The dust of life

I remember when confetti was no longer allowed during weddings. The church cleaners would otherwise be logging in long hours trying to vacuum those little pieces of coloured paper out from the carpets in the sanctuary.

Those who grieved the passing of the confetti era have a point. Because confetti symbolizes something more than just a mess. When it is a mess with intention, it is a celebration of life.[1]

We may not at first associate the ordinary, simple, mundane aspects of life as worthy of notice. Perhaps it is more a question of focus. Like with confetti – do we see the unbound joy of love in throwing bits of paper over the bride and groom; or, do we see in the confetti an egregious mess waiting to be cleaned up?

On Ash Wednesday, we have to deal with a bit of mess when getting some ash on our foreheads. Of course, this symbol draws our attention to our own mortality. Dust we are and to dust we shall return. We turn our attention thereby to the frailty and finitude of life. And this isn’t a bad thing in and of itself. Because death is the one inevitable of life.

But we must learn how to live with it. How can we think about death when may not know how to live?

In the same chapter from which we read the Ash Wednesday Gospel, Matthew records what Jesus says in the face of the mess of life and an uncertain future.  He draws our attention to common, ordinary things. He turns our gaze towards flowers and fowl. Consider the lilies, they don’t sew or spin but are clothed magnificently. Consider the birds, they don’t plant or harvest, but are fed and cared for.[2]

We might add: consider the confetti at a party. Or, consider the ash placed on your forehead. Frivolous, we might think. Unnecessary. We can do without. 

And yet, we know that the measure of our days is rarely determined in the mind-boggling adventures some are fortunate enough to embark on. Rather, when we remember the lives of those we love it is often the small, simple ways they went about the world that live on in our memories.

The focus our God calls us to is life. The purpose of Lent is life, and our journey towards life abundant which will necessarily involve some loss, some pain. But then, what is the focus? What will our God have us see?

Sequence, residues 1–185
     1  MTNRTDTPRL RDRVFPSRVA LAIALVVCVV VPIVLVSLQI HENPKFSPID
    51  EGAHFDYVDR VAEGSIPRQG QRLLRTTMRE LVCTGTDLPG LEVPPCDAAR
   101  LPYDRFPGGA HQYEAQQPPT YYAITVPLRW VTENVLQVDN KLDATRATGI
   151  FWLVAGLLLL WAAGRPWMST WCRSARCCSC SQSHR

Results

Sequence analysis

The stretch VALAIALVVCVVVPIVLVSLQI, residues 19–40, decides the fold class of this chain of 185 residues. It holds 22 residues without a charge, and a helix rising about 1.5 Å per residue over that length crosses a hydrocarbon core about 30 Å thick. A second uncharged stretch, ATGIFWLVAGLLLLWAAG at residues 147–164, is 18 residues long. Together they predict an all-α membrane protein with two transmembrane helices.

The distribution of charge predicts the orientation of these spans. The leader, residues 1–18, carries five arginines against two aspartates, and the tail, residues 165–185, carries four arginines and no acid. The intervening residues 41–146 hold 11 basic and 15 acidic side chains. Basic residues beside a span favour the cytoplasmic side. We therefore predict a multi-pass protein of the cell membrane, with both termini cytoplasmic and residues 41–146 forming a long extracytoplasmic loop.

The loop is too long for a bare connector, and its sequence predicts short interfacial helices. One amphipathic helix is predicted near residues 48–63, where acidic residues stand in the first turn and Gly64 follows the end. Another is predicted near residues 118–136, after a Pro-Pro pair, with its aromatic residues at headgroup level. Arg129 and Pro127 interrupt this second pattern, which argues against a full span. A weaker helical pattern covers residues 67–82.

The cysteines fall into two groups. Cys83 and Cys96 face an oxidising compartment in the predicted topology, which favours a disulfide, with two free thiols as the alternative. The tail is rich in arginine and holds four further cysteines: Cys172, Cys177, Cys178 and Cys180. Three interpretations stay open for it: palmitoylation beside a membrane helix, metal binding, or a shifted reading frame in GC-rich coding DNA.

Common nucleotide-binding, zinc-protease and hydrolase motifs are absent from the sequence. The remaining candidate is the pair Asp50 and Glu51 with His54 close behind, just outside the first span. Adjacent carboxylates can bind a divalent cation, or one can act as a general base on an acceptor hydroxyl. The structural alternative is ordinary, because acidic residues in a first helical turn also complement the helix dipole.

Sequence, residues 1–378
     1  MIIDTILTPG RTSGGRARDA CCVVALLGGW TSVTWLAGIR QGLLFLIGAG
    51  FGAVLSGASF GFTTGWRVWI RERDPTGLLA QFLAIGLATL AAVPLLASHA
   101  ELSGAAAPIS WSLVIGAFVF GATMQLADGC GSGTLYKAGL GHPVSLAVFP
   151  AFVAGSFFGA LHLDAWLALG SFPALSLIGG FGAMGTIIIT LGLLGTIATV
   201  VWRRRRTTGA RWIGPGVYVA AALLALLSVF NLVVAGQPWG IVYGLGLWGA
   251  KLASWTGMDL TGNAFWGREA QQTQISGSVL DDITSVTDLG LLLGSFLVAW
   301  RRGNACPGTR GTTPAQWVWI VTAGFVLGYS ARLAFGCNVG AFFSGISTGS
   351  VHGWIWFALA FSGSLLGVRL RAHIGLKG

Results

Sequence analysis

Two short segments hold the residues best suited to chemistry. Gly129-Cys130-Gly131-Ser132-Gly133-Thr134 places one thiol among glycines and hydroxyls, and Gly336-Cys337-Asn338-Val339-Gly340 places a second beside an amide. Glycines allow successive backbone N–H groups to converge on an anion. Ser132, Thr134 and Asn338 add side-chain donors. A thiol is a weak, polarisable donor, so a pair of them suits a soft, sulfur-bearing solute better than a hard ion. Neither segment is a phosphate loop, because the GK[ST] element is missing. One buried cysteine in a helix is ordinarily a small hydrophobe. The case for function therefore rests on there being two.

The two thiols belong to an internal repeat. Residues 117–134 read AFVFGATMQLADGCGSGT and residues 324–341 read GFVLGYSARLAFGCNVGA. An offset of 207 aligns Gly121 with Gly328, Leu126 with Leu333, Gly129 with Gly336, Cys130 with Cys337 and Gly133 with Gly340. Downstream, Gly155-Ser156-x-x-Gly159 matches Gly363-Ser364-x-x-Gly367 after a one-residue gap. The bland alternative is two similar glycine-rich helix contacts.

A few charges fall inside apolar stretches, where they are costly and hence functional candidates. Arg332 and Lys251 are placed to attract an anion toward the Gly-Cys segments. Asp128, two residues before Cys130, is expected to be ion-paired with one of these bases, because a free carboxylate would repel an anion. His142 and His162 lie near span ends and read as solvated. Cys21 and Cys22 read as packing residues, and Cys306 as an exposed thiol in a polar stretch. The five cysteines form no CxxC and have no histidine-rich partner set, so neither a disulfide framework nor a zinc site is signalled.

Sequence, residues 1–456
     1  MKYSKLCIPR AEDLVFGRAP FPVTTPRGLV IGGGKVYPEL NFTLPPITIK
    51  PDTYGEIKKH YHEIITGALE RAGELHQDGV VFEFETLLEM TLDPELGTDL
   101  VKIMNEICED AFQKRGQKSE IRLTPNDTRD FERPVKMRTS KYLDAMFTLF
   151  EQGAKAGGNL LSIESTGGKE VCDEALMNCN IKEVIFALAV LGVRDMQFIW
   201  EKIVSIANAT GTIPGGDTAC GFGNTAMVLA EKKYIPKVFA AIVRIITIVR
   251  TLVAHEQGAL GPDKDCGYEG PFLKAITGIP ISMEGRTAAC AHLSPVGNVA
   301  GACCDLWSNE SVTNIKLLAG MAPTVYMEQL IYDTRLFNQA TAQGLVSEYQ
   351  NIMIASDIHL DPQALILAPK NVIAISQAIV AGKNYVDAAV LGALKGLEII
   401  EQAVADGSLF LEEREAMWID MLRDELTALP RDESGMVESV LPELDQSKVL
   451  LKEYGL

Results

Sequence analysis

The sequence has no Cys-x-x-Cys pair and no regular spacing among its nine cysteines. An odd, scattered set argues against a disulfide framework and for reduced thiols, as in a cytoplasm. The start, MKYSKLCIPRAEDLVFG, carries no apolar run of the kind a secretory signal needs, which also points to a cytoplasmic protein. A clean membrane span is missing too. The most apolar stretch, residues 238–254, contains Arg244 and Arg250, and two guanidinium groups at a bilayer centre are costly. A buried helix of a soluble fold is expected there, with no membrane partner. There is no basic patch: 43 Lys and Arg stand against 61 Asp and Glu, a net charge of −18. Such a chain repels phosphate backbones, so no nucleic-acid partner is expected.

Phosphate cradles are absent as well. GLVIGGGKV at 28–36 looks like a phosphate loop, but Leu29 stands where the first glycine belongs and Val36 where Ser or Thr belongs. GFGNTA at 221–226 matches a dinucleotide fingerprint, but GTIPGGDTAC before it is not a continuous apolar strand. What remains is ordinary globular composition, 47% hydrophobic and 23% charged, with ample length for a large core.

Mangrove trees are normally fresh-water plants, I read. But they are now found living in a tidal river flowing into the Coral Sea in North Queensland in Australia, a body of water which is salt water. How have they survived? How have they lived?

“In the service of survival, they have developed an elaborate root system that filters out much of the salt contained in the river water before it can kill the tree. When excessive salt still threatened the life of these trees, they somehow devised a means to guide the salt to particular leaves, which then turned orange and fell off the branches. These came to be called the ‘sacrificial leaves.’ They died that the tree might live.”[3]

Jesus announced his purpose and mission on earth when he told his disciples that he came so that we might “have life, and have it abundantly.”[4]A momentary affliction of loss has not the final word. “Death has been swallowed up in victory. Where, O death, is your victory? Where, O death, is your sting?”[5]

The message of Ash Wednesday is inherently a positive message of hope, a call to persevere, and a challenge to risk losing in the sure promise of finding something better on the other side. We cannot bypass the way of the cross. But we go on this journey now assured that life, and life abundant, for us await. That is the focus and the aim. It is about life.

In the small, ordinary, sometimes frivolous acts, in the common, daily experiences of living. “How do we live?” ought to be the focus question during Lent.

Be intentional and pay attention enough to ask the cashier how they are doing, when the lines in the grocery store are long.

To relish in deep breaths when the air is finally warm enough outside it no longer freezes our lungs on the way in.

To say ‘yes’ to more snuggles and one more hug when our children request them.

To say ‘yes’ to resting and taking space when our bodies tell us that’s what we need.

In full view of death, we walk a path on which we show up to life. Trusting that the small things matter, or at least that their frivolity is not completely in vain. And we shall live, living in ways that will attract life and give life to the world.


[1]Thank you to Megan Westra for her thoughtful and moving blog for Ash Wedesday (“Confetti Wednesday” at https://mailchi.mp/d6a0d42b1af8/confetti-wednesday?e=8e6a7196da)

[2]Matthew 6:25-34

[3]John Shelby Spong, Unbelievable: Why Neither Ancient Creeds Nor the Reformation Can Produce a Living Faith Today (New York: HarperCollins Publishers, 2018), p.87

[4]John 10:10

[5]1 Corinthians 15:54-55